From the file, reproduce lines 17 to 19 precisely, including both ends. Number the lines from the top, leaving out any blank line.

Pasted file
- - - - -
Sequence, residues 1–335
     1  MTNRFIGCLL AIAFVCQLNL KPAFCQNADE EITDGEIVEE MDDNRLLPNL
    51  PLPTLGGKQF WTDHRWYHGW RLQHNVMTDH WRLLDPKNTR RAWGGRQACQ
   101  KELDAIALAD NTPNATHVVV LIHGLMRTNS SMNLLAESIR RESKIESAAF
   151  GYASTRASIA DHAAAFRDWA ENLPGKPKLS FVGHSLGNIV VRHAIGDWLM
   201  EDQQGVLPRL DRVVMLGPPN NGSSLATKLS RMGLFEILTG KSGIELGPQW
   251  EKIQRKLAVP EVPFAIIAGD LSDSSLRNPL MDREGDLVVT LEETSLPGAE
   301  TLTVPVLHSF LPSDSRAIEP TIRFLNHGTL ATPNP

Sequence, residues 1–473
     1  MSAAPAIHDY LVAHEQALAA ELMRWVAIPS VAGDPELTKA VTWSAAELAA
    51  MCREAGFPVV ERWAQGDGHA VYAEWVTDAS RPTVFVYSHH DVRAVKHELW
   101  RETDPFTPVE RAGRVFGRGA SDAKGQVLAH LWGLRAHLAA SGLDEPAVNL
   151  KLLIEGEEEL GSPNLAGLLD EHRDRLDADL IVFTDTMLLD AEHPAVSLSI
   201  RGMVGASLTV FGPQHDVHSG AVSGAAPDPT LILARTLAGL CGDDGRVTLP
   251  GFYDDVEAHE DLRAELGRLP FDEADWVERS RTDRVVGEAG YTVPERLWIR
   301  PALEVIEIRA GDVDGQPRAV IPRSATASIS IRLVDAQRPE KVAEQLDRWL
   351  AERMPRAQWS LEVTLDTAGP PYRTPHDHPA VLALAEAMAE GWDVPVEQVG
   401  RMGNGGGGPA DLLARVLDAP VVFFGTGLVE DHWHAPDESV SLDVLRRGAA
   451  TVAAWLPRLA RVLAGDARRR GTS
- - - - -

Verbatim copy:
   351  AERMPRAQWS LEVTLDTAGP PYRTPHDHPA VLALAEAMAE GWDVPVEQVG
   401  RMGNGGGGPA DLLARVLDAP VVFFGTGLVE DHWHAPDESV SLDVLRRGAA
   451  TVAAWLPRLA RVLAGDARRR GTS